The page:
ITA - Office of Travel and Tourism Industries

 

National Travel and Tourism Office (NTTO)



DATA SUSPENSION FAQs



What happened?

  • The National Travel and Tourism Office (NTTO) has temporarily suspended data releases on overseas arrivals to the United States pending resolution of underlying technical issues with a significant number of records received from U.S. Customs and Border Protection (CBP). No overseas data will be reported by NTTO beyond the preliminary data previously released on March 7, 2018, until the records are properly identified, categorized, and counted, at which time NTTO will reprocess and republish the data.

  • NTTO uses data gathered by CBP to calculate overseas arrivals to the United States, including those who are traveling for business, leisure, educational and medical purposes, and staying one night or more. Residents of the United States are not counted as visitors.

  • In conducting due diligence on records received from CBP on arrivals to the United States in 2017, NTTO identified significant and increasing anomalies affecting Department of Homeland Security (DHS) I-94 visitor arrivals data.

  • NTTO detected a meaningful and increasing number of non-U.S. citizens traveling on visas to the United States and being categorized as U.S. residents. NTTO has identified as many as 4.5 million raw 2017 records of non-U.S. citizens traveling on visas to the United States being categorized as U.S. residents.

  • Those travelers were removed from the visitor count of overseas travelers arriving into the United States, resulting in a potential undercount for 2017. 

 

Who is affected?

  • ITA has a legislative mandate to publish statistics on international travel to the United States.

  • The Bureau of Economic Analysis (BEA) uses this data when calculating the balance of trade, as expenditures by these visitors are counted as exports for the United States. In 2016, travel and tourism accounted for 11 percent of all U.S. exports and 33 percent of all services exports. The United States realized an $83.9 billion balance of trade surplus for travel and tourism in 2016. This data is also used by destinations and private-sector companies in expanding exports, and by U.S. government agencies in the development of policy.

  • Destinations, airlines, airports and other private sector companies use this data to market the United States as a travel destination to targeted customers in selected foreign markets. These data-driven marketing campaigns are designed to increase U.S. travel and tourism exports through additional sales in foreign markets. The anomalies found in the preliminary data may represent a potential undercount of non-resident, foreign travelers to the United States as reported on the I-94 form.  Preliminary analysis of the CBP data suggest that the economic impact of travel to the United States may be upwardly adjusted.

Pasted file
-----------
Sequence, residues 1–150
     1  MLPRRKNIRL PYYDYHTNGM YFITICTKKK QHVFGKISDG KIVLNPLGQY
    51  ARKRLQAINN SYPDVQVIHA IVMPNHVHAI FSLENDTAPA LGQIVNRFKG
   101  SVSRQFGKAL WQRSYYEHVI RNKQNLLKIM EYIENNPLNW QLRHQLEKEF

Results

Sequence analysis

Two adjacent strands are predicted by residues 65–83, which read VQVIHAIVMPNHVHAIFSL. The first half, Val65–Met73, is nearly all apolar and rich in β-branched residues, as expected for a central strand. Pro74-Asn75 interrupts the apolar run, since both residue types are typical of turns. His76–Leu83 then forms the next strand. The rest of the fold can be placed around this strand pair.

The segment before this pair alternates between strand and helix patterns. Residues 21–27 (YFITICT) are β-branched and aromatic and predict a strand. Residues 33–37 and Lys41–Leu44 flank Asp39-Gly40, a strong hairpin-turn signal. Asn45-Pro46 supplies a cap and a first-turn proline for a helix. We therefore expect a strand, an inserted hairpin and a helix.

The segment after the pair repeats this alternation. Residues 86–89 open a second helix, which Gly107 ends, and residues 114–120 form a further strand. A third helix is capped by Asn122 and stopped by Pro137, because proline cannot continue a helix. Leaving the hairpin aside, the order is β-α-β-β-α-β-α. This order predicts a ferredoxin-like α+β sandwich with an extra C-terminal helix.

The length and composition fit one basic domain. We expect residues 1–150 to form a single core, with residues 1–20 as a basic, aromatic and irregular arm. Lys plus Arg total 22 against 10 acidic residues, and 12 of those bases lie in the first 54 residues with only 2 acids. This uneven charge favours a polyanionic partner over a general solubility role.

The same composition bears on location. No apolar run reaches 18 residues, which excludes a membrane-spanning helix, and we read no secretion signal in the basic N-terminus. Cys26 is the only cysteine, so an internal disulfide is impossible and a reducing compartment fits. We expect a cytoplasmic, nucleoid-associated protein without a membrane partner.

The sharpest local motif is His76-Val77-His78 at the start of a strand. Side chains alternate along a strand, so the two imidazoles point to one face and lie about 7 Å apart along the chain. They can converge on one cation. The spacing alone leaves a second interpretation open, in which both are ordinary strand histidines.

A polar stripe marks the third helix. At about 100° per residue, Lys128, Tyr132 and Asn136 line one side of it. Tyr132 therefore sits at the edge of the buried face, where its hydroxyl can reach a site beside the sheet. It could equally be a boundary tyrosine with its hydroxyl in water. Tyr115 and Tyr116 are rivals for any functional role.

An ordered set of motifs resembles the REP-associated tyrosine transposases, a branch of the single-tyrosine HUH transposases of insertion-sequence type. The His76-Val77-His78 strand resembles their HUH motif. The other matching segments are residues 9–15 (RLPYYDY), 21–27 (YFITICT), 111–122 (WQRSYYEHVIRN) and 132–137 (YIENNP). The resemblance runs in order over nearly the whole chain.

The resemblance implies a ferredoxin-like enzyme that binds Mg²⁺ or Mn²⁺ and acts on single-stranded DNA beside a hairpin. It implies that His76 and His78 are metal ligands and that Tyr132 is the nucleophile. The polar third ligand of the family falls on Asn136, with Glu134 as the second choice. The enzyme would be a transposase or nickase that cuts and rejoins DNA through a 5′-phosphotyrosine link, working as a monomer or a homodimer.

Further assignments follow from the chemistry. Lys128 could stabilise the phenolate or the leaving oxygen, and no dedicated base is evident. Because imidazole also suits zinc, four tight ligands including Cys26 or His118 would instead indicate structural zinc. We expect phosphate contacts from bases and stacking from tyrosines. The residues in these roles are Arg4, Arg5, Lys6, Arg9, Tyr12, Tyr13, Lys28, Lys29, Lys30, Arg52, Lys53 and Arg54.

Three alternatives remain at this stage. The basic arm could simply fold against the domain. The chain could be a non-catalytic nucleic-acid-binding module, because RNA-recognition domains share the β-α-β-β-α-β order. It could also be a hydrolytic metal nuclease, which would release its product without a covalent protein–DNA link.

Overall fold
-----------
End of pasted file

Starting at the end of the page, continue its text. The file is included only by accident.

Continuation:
• The Centers for Disease Control uses residency data in case of a pandemic to assess travel patterns.

 

What is the impact?

  • Preliminary data may reflect a potential undercount of U.S. visitors in 2017.  If these 4.5 million records are reviewed and recognized as legitimate international visitors, it is very likely that NTTO will report a 3-4 percent increase in overall visitation and BEA may revise the balance of trade in travel services upward.

  • NTTO publishes Canada and Mexico visitor arrivals data sourced from Statistics Canada and Banco de Mexico, respectively.  As a result, the suspension only affects overseas arrivals provided to NTTO by CBP and data for Canada and Mexico will continue to be reported. 

 

What is NTTO doing about it?

  • NTTO has suspended data releases on overseas arrivals to the United States pending resolution of underlying technical issues with a significant number of records received from CBP. No overseas arrivals data will be reported by NTTO beyond the preliminary data previously released on March 7, 2018, until the records are properly identified, categorized, and counted, at which time, NTTO will reprocess and republish the data.

  • NTTO has engaged its contractor to test the preliminary data to assess the scope of the problem. 

  • Once more is known about the travelers represented in this population, NTTO will better know what will be required, how long it will take and how much it will cost.

  • CBP has indicated that they will not reissue the data, but has provided NTTO with additional data that may assist in resolving the issue in this instance.

  • NTTO is looking to CBP to develop a long-term solution to this issue.

  • NTTO is committed to providing accurate statistics on international travelers to the United States as defined by international standards for the travel and tourism sector.